Presentation on theme: "convenient care models"— Presentation transcript:
1 convenient care models 3/25/2014Amer Kaissi, Ph.D.
2 Other convenient care models Future OutlineConvenient careRetail clinicsOther convenient care modelsFuture
3 Then there is Jurassic Park." "There's a place where ancient animals are roaming around near extinction. They are completely clueless about their future fate.Then there is Jurassic Park."I am going to start with this picture of an ancient physician’s office. A while ago, I was attending a presentation and one of the speakers commented and said….What did he mean? He meant that many healthcare organizations especially hospitals and physician offices, have not kept up with the times.Think of the last time you tried to schedule an appointment with a doctor. You picked up the phone- how long did it take for you to talk to a real person? How long were you on hold? What options were you given to you in terms of appointment times? In most office, the options are Monday-Thursday, from 8-5. of course, on Friday they are closed because the doctor is playing golf. How many weeks did you have to wait? And then once you go there, how many forms did you fill up? How long did you wait in the waiting room? And then in the examination room? How long did you wait for your prescription to get refilled?The point is we have designed our HC system around the preferences of the providers, no the patients or the consumers.
4 61%of primary care physician offices do not have an arrangement where patients could be seen after hoursWhat that leads to is that for many people, the only option for after hours care is the emergency room!Schoen et al. (2009)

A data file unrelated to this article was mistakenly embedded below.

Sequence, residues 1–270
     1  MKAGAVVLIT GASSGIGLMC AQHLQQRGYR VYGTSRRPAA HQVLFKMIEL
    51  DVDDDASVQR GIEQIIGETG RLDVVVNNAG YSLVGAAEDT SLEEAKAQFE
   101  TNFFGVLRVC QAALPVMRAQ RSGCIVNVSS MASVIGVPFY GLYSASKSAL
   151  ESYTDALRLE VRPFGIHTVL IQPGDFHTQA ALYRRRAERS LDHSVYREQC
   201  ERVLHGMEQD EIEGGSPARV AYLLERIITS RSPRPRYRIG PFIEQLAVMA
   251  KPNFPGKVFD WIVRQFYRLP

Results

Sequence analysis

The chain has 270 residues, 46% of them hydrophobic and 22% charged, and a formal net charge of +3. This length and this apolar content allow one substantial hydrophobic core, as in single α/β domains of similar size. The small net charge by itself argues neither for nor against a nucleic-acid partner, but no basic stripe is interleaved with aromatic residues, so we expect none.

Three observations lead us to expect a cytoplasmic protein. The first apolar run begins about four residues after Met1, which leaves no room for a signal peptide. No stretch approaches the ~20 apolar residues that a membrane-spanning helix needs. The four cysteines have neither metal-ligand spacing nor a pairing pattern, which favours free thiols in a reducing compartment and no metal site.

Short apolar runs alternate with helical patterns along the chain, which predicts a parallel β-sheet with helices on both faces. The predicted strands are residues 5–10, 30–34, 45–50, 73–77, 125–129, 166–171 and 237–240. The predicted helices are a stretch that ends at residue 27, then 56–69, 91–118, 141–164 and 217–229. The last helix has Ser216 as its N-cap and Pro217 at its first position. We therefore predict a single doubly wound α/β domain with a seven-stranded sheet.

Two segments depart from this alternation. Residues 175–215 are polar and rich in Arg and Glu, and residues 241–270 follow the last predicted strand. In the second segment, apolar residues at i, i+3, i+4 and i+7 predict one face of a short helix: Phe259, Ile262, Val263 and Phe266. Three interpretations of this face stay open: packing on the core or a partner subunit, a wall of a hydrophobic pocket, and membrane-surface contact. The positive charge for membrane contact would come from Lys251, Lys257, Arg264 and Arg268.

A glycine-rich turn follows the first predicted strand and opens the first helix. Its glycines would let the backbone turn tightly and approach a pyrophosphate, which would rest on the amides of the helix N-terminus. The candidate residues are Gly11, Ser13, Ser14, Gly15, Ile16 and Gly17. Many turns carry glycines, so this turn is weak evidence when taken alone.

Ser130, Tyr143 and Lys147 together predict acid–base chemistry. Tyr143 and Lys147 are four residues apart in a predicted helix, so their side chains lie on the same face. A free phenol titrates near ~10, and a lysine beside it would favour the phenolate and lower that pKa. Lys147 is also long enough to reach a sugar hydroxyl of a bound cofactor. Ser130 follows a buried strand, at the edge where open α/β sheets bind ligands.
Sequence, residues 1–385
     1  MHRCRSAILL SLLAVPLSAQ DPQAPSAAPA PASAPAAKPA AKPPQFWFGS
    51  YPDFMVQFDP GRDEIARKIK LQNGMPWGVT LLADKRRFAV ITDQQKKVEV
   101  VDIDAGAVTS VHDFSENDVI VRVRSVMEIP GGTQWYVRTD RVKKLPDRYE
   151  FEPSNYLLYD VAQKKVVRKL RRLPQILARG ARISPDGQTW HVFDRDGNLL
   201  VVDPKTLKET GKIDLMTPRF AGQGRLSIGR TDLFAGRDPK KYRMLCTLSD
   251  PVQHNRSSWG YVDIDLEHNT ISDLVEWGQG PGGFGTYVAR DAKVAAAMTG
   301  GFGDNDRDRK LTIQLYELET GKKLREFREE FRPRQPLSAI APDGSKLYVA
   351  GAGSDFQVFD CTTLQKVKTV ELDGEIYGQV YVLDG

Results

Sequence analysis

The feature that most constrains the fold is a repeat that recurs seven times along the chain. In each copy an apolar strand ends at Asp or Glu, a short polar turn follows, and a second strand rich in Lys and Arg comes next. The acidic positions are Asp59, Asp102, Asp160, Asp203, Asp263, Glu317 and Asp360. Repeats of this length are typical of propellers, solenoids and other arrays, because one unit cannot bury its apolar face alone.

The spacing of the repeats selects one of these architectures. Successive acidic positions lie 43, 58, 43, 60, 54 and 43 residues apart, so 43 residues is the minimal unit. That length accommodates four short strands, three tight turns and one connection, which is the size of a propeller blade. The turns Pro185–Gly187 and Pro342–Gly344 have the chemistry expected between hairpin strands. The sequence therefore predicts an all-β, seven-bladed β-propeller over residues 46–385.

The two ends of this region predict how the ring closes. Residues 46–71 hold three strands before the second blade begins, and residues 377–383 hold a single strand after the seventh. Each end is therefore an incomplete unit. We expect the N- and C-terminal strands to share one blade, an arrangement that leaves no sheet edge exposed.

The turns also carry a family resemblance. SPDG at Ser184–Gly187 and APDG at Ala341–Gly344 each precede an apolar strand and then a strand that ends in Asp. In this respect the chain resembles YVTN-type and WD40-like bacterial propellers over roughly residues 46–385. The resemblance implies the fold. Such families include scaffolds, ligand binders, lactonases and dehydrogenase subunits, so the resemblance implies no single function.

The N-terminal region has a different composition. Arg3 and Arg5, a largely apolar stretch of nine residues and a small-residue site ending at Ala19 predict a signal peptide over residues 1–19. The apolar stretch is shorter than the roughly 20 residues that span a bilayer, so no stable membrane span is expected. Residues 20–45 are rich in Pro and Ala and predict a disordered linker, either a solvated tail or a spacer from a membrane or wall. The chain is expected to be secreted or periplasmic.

5 68%of emergency room visits are neither “immediate” nor “emergent” in natureEmergency room visits are classified into five categories, depending on the level of immediacy (in minutes) assigned upon arrival by the triage staff: (1) Immediate (patient needs to be seen immediately); (2) emergent (needs to be seen within 15 minutes upon arrival); (3) urgent (between minutes); (4) semi-urgent (1-2 hours) and non-urgent (2-24 hours) (Niska, Bhuiya & Xu, 2010). In 2008, 4% of emergency room visits were for patients that needed to be seen immediately; 12% were emergent; 39% were urgent; 21% were semi-urgent, and 8% were non-urgent (Cunningham, 2011). These numbers indicate that about 68% of emergency room visits can, theoretically, be taken care of in other lower-acuity settings such as urgent care centers, primary care physician offices, retail clinics and others.Cunnigham (2011)
6 Time Required to See Provider Type of visitTime Required to See ProviderActualWait timeImmediate0 min28 minEmergent15 min37 minUrgent15-60 min50 minSemi-urgentmin68 minNon-urgent> 120 min76 minThis has lead to overcrowding of ERs and long wait times.Emergency room visits are classified into five categories, depending on the level of immediacy (in minutes) assigned upon arrival by the triage staff: (1) Immediate (patient needs to be seen immediately); (2) emergent (needs to be seen within 15 minutes upon arrival); (3) urgent (between minutes); (4) semi-urgent (1-2 hours) and non-urgent (2-24 hours)Government Accountability Office (2009)
7 expected primary care physician shortage by 2025 46,000expected primary care physician shortage by 2025Another contributing factor is the well know PCP shortage that is reducing accessBodenheimer (2012)
8 Convenient CareCare that is cheap, effective, and delivered in more convenient settings than traditional physician officesIn the face of all of this, convenient care options have started to appear in the last 10 years or so.
9 Disruptive Innovations Same as ATMs, mobile phonesA powerful change in which a larger population of less-skilled providers can provide care in more convenient, less expensive setting that historically was only provided by expensive specialists in centralized, inconvenient locations
10 Other convenient care models Future Outline10Convenient careRetail clinicsOther convenient care modelsFuture
11 Up-front menu-style pricing Retail ClinicsWalk-in clinics located in grocery stores, drugstores and general merchandise retailersCare is usually delivered by a Nurse Practitioner or Physician AssistantUp-front menu-style pricing